Grazing foes’ victory claim in error

<p>It's landscape like this north of Imnaha where eight USFS grazing allotments in Wallowa County are under legal challenge. The allotments are part of a much larger, two-forest lawsuit.</p>

On April 24, the Hells Canyon Preservation Council (HCPC) issued a statement noting time had run out for opponents to appeal a federal court ruling favorable to HCPC and another conservation group teamed in a grazing lawsuit against the U.S. Forest Service.

One day later, the conservation director for the HCPC, Veronica Warnock, circulated an apology for that press release, admitting that the end of that appeal period instead is May 6.

HCPC and the Natural Desert Association filed their suit in 2011 in the federal District Court of Oregon. Of the more than quarter-million acres covered in the suit throughout much of the Wallowa-Whitman and Umatilla National Forests, about 12,600 acres of the total – some of it on private lands – is located on steep grazing lands generally in the Imnaha area of northeast Wallowa County.

Cynthia Warnock, program director for the Wallowa Soil and Water Conservation District, says Wallowa County’s real estate within the lawsuit is enveloped by one USFS decision made Sept. 26, 2008, that involved eight grazing allotments and seven livestock operators who lease those allotments.

Of those seven, Warnock says four have officially filed to become intervenors in the process, giving each of them as well as the USFS until May 6 to place an appeal. She declined to name the four.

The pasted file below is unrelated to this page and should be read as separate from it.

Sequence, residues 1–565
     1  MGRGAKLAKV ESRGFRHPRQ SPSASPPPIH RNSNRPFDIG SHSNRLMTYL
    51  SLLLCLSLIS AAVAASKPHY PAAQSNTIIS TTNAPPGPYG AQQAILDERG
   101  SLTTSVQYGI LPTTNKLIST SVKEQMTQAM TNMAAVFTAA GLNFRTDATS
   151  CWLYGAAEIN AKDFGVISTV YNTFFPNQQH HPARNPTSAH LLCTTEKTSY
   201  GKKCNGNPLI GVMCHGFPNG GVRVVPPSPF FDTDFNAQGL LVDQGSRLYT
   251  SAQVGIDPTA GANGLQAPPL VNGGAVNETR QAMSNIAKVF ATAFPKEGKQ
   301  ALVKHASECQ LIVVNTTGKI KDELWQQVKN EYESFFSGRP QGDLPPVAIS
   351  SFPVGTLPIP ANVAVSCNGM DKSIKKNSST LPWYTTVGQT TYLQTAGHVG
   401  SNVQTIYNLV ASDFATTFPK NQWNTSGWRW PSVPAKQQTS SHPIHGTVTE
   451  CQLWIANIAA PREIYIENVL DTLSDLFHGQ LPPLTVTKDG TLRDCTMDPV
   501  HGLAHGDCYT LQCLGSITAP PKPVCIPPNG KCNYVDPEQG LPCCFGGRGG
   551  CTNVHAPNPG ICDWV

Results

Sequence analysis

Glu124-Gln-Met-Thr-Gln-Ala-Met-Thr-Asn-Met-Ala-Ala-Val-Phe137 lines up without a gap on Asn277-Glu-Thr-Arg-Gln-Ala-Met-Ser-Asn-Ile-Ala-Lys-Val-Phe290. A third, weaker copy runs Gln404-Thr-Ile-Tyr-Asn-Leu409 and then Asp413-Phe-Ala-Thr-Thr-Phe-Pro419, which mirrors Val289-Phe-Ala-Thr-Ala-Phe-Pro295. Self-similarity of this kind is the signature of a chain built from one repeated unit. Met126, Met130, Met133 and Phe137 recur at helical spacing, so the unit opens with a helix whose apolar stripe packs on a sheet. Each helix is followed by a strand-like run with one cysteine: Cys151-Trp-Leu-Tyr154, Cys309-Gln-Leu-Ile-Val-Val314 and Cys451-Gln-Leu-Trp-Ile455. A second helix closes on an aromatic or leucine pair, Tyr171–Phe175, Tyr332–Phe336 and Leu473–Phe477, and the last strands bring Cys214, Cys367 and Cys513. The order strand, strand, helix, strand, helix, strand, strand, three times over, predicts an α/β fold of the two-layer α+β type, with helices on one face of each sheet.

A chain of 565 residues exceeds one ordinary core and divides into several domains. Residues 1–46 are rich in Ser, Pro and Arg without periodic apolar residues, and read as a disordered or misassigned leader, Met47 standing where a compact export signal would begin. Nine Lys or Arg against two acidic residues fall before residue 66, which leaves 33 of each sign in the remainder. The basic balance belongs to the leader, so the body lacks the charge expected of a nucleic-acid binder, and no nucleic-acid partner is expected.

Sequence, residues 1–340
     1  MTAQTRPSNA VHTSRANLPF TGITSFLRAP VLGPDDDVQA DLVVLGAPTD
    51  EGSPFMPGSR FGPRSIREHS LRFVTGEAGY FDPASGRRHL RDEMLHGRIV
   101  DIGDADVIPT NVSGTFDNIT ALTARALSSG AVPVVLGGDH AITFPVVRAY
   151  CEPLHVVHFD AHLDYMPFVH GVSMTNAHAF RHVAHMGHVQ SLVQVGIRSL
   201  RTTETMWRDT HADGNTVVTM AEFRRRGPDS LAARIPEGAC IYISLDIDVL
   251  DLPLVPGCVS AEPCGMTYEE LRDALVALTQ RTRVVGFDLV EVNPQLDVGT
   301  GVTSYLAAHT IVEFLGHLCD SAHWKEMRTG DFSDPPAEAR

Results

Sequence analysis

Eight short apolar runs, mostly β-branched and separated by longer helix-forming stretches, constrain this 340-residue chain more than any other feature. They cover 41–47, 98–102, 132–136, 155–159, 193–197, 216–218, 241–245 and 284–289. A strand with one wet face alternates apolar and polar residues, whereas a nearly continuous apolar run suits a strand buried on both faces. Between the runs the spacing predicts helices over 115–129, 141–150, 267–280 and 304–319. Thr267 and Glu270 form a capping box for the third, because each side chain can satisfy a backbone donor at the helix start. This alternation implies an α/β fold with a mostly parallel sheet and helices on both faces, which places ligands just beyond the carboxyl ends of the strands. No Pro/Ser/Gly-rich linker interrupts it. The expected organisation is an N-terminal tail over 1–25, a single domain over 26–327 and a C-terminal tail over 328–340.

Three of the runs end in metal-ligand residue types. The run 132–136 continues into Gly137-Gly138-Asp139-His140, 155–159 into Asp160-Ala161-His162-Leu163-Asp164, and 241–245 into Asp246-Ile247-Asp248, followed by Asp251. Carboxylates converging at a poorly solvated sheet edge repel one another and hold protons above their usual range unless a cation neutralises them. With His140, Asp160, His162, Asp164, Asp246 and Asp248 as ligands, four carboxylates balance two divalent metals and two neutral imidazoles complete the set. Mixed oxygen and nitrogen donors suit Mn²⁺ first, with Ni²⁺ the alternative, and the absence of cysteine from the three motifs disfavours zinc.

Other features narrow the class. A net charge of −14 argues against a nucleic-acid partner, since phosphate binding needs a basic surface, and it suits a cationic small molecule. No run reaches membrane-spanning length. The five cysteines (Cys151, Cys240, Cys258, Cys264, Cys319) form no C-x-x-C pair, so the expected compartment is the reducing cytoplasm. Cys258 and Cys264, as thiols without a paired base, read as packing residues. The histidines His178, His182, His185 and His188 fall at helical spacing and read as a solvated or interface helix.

The issue, according to HCPC’s legal counsel Jennifer Schwartz –formerly an HCPC attorney in La Grande and now an independent attorney in Portland – deals in large part with a Congressional rider called “categorical exclusions.” First legalized in 2005 and withdrawn at the end of 2008, the application of the categorical exclusions rider allowed the USFS to re-issue grazing permits (often for 10 years) without going through a lengthy National Environmental Policy Act (NEPA) assessment.

Warnock says some NEPA criteria still needed to be met, but a full-blown NEPA assessment was not mandated under the rider.

Schwartz, speaking both for the HCPC and the Oregon Natural Desert Association, argues the USFS “abused its authority under the rider.” She says, “There are very important resources at stake. Many of these lands have not been thoroughly assessed for decades.”

On Feb. 22, 2013, the federal District Court of Oregon upheld the HCNC/Oregon Natural Desert Association lawsuit.

Describing herself as a contact person to share information with grazers involved in the lawsuit, Cynthia Warnock says, in reality, grazers here could prove to be minimally impacted by any resolution of the suit. Had the conservation groups sought an injunction instead of filing suit, grazing rights could have been curtailed.

As it is, she says, the Forest Service — the owners of the property — would be the party affected most. Lacking an appeal that would reverse the District Court of Oregon decision, the USFS will have to conduct full NEPA assessments on the eight allotments in Wallowa County (as well as elsewhere in the two-forest area).

Cynthia Warnock says she doesn’t know how much priority the Forest Service will assign to quickly conducting those Imnaha-area allotment assessments.

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